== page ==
Is it time for an open debate on what advisers want from Platforms? 

I believe strongly it is, if you are an adviser, what are your views?

Are we yet at the stage of another week, another platform, perhaps not quite, but the platform market has never seemed more turbulent. Research from our Empowering Advice Through Technology event in January showed 47% of advisers were looking for new platform partners. So by definition, nearly half the market is unhappy with their current offerings.

Latest to throw their hat into the ring is Abraham Okusanya and his friends at Timeline who are teaming up with David Ferguson and the gang at Seccl.

As more and more platforms come to market, I think it is really time to get some clarity around what advisers want and why, so our next Adviser Technology Forum will focus on what I see as a crucial question, “Is AdviserTech the Future of Platforms”

To facilitate this our next AdviserTech Forum between noon and 1:30 pm on 13th l June will explore this debate with a range of advisers talking about what they really want from platforms in the future and why they have selected their current partners. To register to attend this event please click here

Also,  If you are an adviser who is passionate about your current choice and would like to be one of the panellists presenting your views, please DM me via LinkedIn. 

Election robs Britain of the chance to become a smart data society (at least for now)

It now looks unlikely that the Data Protection & Digital Information Bill will receive Royal Ascent before Parliament is prorogued for the election. This is a major disappointment as it was to lay down the necessary infrastructure and regulations to move Britain to be a smart data society and would have compelled organisations to share consumer data with whoever the customer wished to receive it. Frankly, this is a let-off for organisations who are sitting on data they should be making more available. I understand there is cross-party support for the smart data provisions of the bill but the whole process will now have to start again under a new administration.

Interestingly, the FCA seems to be showing no appetite for following through on it’s pre COVID demands for faster transfers between platforms, so it looks like consumers and advisers will still have to struggle through a painfully slow process for which the mechanism to automate already exists, but there is no regulatory pressure to put it into practice. It could be argued that Consumer Duty should be sufficient to drive change, but until we see another Dear CEO letter saying platform transfer times are too slow, I doubt we will see any progress. We could and should see action from the FCA in this area as it would bring obvious consumer benefits. I am at a loss to understand why there is no longer an appetite to force platforms to take a few easy steps to deliver real benefits and save millions in unnecessary waste every year. If the FCA want advisers to reduce their fees, the regulator needs to support advisers by driving necessary change to crack down on unnecessary and avoidable delays.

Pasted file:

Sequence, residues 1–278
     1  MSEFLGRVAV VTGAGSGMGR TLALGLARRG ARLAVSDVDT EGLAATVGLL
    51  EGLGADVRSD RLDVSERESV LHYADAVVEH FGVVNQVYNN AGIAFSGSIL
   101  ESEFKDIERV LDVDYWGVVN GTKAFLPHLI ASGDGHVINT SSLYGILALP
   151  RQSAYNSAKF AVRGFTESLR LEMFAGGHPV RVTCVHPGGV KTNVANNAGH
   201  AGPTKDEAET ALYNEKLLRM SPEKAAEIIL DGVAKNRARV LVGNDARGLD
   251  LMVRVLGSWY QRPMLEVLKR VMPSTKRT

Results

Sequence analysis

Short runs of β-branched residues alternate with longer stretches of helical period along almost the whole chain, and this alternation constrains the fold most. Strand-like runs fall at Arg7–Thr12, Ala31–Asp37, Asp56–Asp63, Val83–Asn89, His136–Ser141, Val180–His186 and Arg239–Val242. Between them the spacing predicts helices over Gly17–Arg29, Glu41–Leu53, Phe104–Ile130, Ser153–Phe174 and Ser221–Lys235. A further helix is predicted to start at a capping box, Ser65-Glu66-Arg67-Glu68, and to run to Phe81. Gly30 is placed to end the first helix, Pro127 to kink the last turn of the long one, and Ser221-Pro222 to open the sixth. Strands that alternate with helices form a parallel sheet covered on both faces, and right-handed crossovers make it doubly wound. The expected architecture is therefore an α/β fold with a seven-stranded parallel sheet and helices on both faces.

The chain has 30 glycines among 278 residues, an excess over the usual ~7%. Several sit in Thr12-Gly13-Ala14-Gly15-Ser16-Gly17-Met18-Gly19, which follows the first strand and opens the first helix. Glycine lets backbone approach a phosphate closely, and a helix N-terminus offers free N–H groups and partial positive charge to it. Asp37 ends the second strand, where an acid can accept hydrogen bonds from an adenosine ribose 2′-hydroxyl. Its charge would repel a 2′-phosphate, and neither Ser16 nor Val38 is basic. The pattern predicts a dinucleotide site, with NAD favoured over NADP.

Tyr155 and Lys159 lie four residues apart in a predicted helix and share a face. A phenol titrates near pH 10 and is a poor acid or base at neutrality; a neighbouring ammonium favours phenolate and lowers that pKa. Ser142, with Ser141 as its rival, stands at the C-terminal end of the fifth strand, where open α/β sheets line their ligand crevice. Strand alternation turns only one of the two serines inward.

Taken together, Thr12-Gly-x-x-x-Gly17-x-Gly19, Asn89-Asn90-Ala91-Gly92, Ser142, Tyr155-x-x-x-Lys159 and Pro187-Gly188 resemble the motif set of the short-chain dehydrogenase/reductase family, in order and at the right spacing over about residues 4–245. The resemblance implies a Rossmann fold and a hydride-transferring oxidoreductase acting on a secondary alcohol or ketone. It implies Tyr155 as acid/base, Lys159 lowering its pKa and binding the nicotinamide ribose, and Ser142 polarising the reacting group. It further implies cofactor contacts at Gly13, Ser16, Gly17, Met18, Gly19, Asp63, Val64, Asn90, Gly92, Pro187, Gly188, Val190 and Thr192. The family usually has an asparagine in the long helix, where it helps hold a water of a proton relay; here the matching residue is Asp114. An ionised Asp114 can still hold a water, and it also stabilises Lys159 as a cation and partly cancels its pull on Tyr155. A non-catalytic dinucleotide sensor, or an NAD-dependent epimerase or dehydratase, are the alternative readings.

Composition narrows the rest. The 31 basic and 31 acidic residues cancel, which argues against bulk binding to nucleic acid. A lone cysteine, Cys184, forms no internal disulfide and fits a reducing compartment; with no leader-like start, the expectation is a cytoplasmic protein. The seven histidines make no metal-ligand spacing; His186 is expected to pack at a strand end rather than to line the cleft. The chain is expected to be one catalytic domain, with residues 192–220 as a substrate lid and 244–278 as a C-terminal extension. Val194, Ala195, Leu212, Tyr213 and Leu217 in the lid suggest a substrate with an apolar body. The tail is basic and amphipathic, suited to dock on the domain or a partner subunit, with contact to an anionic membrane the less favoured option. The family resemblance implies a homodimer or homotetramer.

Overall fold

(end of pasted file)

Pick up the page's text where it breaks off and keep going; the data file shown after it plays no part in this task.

Also on this week

I’ve published two summaries from recent conferences I attended. First my analysis of Daniel Needham’s excellent keynote from the Morningstar UK investment conference. This was an insightful session which outlined several reasons for UK advisers to be very positive about their future and the value of their practices. It will be followed in the near future with a summary of the wealth tech session at the same event which included a series of propositions being presented, a few really interesting ones here that have a great deal to offer. Watch out for this in the coming weeks.

Also, the first of many sessions from last week’s WealthStack conference in Florida. This event was full of tremendous conference content on how AI will impact our industry. Lots more to come from that event over the next few weeks. For more detail of each see below.

In addition, our insight team have produced an excellent analysis of a firm I have been watching closely over the last few years, Lumiant. Currently operating in Australia and the US, they have a refreshing approach to engaging with the non-financial partners in families. It is worth remembering that, depending on which study you choose to believe between 60 and 90% of partners inheriting wealth, fire the previous financial adviser, so you may have done all that work to build a relationship with the next generation, but if you have not built that trust with the other partner
It is really worth reading the analysis of what this service does and watching the videos here, especially if you are in the US or Australia where you can access Lumiant now.

If you are in the UK enjoy the bank holiday, if you are elsewhere and don’t get Monday off, still have a great weekend, I hope the content below gives you some interesting reading.